Jill Morgan still hasn't gotten used to visiting animal shelters and seeing more dogs than she knows will find homes.
In an average year she helps rescue more than 100 golden retrievers, something the Red Cross honored her for last March, though she also finds herself helping with other dog rescue groups. She refers to her own dogs as children, and swells with passion and indignation when talking about how home foreclosures are driving up the rates of abandoned pets.
But now Morgan is facing a whole new dilemma: She's getting death threats and her tires were slashed after publicity about her decision to euthanize a dog that had reportedly killed a Chihuahua.
As a result of the backlash, most Northern California Golden Retriever Rescue operations are currently suspended, out of fear for the safety of some 40 volunteers.
On the other side of the controversy is Dan Irish, a dog lover who has been raising and training dogs since childhood. When working construction, and during his 20 years as a bouncer, Irish said he always took dogs with him.
Both Morgan and Irish talk enthusiastically about dogs. Both also get very passionate about what each feels is unjust action by the other person.
Morgan's home answering machine has filled with messages, her address in rural Lodi has apparently been given out near and far, and her e-mail inbox has become an easy target for anonymous contributors.
One e-mailer told Morgan that her children should die of cancer, that a black cloud had been placed over her and that the writer hopes she dies a slow, bleeding death.
It started a couple weeks ago when word spread about Morgan's October decision to euthanize a dog.
But the original story starts even earlier.
The dog in question, Rocky, was less than three years old when a Chihuahua crawled under the fence to his Nevada family's yard. Rocky or his brother killed the tiny dog. His owners turned them over to a local animal shelter. That's where the rescue group, dubbed NorCal for short, found Rocky, and they decided to give him a chance, Morgan said. On March 31, she took Rocky to her house, which serves as a type of foster home for countless dogs, as well as permanent home to her own four dogs.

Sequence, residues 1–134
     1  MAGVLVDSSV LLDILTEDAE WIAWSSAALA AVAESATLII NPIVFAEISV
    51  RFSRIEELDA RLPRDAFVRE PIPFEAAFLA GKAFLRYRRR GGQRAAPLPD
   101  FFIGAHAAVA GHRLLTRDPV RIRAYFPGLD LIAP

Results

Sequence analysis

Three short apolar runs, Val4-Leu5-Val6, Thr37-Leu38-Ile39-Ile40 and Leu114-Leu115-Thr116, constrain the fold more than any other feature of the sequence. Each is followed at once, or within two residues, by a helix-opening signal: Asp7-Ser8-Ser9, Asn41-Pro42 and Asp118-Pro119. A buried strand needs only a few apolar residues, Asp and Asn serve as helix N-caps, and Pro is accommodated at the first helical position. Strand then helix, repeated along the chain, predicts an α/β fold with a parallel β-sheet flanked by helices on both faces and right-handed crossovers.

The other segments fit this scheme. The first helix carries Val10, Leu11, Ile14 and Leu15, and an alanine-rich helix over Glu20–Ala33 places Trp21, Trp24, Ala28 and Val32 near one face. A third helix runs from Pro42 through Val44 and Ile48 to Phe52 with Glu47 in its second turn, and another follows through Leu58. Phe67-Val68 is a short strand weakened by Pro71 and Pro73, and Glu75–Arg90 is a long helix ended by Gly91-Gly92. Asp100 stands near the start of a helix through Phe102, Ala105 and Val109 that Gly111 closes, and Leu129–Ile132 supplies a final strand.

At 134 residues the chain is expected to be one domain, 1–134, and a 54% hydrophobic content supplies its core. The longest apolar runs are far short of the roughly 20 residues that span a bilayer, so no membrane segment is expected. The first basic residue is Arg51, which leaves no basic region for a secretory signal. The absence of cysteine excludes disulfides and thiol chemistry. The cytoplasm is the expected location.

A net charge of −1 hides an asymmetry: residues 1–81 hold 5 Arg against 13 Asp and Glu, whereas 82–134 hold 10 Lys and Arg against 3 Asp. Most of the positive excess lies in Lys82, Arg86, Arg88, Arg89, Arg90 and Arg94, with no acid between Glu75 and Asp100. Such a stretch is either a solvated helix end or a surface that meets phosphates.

"At my house he viciously attacked four goldens and a Newfoundland six times. The final straw was when he got down my 8-year-old (golden) Mikey, jumped on him and was at Mikey's throat," Morgan said.
That happened April 9, a little more than a week into Rocky's stay at Morgan's house.
"It was too risky," she said. "I have too many dogs coming through to have a vicious dog."
So NorCal took the dog to Irish, an animal trainer who says he's come into contact with 40,000 dogs in the past 50 years and has rescued thousands.
He also talks passionately about his love of dogs, beginning with showing them as a child. When talking by phone from his West Point home in rural Calaveras County, Irish tells his own dogs, "Everybody say hello," then holds the phone receiver out as the dogs erupt in a chorus of barking.
Irish does what he calls "reprogramming," or rehabilitating dogs that have behavioral problems.
So one of the NorCal members called Irish and arranged for him to train Rocky, or Buddy as the dog was renamed. He was paid $800 a month for two months - not a typical amount for a nonprofit organization, NorCal members said.
Then, in a move that has added to the controversy among NorCal board members, the group gave Irish another $2,000 for the training, and had him sign an adoption form.
He cashed the check on Sept. 13, then three weeks later advertised the dog for free online, saying the dog needed a home with a good fence.
Morgan found the ad and was livid, since the adoption form says that if the new owner isn't going to keep the dog, it will be returned to NorCal.
Irish, in turn, says that doesn't matter because the group didn't want the dog anymore.
In the meantime, three NorCal members were skeptical of all the money being paid, and they traveled from the Bay Area to Irish's home to check on the dog. They pretended to be with a breeding group, and Irish was mad when he realized who they were. He alleges that one saw his dogs rough-housing and said they should be euthanized.
He later called one of the women and left a message, expletives included, saying what he thought should be done to her. She filed a police report about threats.
"I called them a bunch of foul names and said that what should be done to them is what they wanted to be done to the dogs," Irish said. "I didn't make threats. I don't threaten women."
So when Morgan saw the ad online, she rented a car and used a fake name when she went to get the dog. She felt it was her duty to make sure the dog didn't cause harm, since he apparently wasn't going to be living with Irish any longer.
"If the dog would have broken out of anybody's fence and there would be a small child standing there holding a Chihuahua, what would have happened? Rocky had already killed one dog," she said.
Morgan picked up Rocky and had him euthanized by a local veterinarian, who only puts dogs to sleep if they show a pattern of aggression, Morgan said.
Irish was outraged, and says he hasn't been able to eat or sleep well since. He believes Morgan has an illness, needs therapy and that she should never be around dogs again.
Morgan, meanwhile, says Irish is a "loose cannon," and she's upset that dogs aren't being rescued while her organization waits for things to settle down.
"I was thinking that maybe I should just quit, but I can't," she said, as she looked through dozens of pictures of rescued dogs, each one with a story she remembers. "These dogs have all been thrown away."